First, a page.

To open the door for growth companies, don't throw governance out the window
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To open the door for growth companies, don't throw governance out the window

paperback books piled in trash can

UK government plans to remove prospectus obligations for capital increases cause raised eyebrows

Mark Austin’s Secondary Capital Raise Review has sparked an unusual level of excitement for a 266-page document on capital markets regulation.

One banker is having it printed and bound to make for a better evening read, he told GlobalCapital. But even those who haven’t made it beyond the summary are enamoured, mainly because it suggests permanently allowing companies to raise 20% of their share capital without pre-emption rights.

That is a perfectly sensible measure — issuers proved their ability to behave themselves and use this freedom responsibly during the pandemic, and there is little reason to suggest why they should not continue to do so in the aftermath.

But a little further down in the document, another suggestions raises eyebrows. A less restrained investor may even have called it “ridiculous”.

Given shareholder approval, Austin wants to allow “capital-hungry” issuers, a fun term for high-growth companies, to raise up to 75% of their share capital without pre-emptive rights and, alarmingly, without a prospectus.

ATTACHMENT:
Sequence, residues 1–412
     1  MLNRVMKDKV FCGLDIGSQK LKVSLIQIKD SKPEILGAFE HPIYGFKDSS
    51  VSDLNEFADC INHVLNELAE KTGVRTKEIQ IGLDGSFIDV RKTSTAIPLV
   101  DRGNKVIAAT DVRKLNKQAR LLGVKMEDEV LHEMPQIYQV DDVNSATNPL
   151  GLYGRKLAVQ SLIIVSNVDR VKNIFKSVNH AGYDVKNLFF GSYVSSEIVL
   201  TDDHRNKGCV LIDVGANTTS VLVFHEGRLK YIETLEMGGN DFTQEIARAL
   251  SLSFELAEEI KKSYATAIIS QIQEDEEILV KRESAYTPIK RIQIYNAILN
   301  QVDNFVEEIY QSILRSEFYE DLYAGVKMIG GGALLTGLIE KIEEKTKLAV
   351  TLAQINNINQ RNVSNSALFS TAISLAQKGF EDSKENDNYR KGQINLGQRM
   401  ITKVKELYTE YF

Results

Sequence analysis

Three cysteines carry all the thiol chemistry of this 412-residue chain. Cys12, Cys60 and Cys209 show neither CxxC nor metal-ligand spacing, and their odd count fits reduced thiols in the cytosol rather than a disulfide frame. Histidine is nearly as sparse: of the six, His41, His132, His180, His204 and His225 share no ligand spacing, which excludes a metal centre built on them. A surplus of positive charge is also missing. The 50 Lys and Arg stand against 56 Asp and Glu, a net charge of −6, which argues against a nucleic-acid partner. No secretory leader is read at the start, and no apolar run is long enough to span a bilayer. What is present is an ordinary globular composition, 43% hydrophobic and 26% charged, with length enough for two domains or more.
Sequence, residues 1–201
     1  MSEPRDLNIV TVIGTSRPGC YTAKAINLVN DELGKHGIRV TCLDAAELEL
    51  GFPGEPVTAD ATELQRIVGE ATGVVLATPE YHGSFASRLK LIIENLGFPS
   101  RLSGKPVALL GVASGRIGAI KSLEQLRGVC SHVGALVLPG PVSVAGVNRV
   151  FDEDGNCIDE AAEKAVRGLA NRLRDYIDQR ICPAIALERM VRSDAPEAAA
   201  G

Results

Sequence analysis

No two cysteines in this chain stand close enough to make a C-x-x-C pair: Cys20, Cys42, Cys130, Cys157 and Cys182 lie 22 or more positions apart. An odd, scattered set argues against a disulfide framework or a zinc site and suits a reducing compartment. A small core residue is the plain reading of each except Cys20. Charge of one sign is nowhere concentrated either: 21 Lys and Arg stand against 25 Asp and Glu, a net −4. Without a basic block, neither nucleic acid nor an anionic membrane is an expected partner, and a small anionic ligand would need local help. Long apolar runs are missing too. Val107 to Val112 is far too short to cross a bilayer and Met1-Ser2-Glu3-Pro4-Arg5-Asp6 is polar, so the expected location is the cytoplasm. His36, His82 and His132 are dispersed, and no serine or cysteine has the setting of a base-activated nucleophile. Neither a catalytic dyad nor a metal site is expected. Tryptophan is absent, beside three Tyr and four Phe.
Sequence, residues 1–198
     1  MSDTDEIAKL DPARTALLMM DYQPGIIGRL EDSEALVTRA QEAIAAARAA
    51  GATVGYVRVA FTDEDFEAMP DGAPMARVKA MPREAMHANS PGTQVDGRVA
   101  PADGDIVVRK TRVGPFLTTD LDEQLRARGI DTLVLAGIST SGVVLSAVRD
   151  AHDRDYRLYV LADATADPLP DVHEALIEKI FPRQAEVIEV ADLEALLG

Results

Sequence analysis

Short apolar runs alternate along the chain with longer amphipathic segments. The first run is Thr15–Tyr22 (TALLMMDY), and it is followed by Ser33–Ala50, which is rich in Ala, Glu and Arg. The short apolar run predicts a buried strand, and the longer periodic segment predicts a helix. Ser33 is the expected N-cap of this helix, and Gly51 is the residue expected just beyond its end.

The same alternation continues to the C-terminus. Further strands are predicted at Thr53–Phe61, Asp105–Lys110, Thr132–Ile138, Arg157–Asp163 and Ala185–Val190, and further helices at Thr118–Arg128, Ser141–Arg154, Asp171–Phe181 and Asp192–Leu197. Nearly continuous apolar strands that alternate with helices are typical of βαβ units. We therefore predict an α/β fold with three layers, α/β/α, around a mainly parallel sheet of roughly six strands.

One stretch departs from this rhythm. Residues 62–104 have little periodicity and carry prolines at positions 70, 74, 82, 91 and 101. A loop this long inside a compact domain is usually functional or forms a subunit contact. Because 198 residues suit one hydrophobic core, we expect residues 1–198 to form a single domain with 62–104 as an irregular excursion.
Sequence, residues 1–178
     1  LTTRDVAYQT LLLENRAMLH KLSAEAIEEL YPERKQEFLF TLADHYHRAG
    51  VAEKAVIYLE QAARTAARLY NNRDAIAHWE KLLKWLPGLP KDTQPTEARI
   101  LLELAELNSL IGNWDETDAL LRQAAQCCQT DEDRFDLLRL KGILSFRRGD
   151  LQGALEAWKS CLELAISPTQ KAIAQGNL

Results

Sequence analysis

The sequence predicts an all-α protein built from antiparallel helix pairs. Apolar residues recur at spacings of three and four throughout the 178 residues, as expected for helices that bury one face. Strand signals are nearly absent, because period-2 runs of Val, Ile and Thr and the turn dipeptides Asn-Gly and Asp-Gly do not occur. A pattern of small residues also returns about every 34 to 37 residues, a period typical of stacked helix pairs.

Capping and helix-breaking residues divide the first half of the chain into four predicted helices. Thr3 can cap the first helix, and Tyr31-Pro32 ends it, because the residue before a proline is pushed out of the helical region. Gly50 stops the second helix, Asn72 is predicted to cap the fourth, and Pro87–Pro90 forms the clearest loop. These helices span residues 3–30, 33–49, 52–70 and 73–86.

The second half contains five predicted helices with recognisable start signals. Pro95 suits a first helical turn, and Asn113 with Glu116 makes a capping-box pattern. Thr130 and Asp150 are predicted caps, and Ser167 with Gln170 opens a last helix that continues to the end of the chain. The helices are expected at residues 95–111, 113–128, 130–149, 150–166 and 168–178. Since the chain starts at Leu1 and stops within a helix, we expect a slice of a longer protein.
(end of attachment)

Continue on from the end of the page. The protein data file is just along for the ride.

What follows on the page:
The review argues against listed companies constantly disclosing a lot of uncessary, duplicated information in a prospectus, suggesting they do not need it at all.

Instead, annual reporting duties could be extended, it argues. But this fails to convince bankers, investors and lawyers alike, especially since the review also wants to boost retail investor participation.

“If you basically want to re-IPO the company, there should be a prospectus,” said one investor, while a banker shook his head in disbelief.

A prospectus is meant to protect investors. Pushing the threshold back in such a dramatic way means that crucial information is easier to hide somewhere in the reporting documents and harder to find.

As one lawyer pointed out, the moment something goes seriously wrong (think: poor grandma in Sussex loses her life savings), the first question will be: “Why did the government remove governance scrutiny?”

Thankfully it might all still turn out to be a moot point. The moment a company wants to raise serious cash it will probably need US investors in the book. To attract them it will need to comply with US regulation, which would of course signal the swift return of the prospectus.

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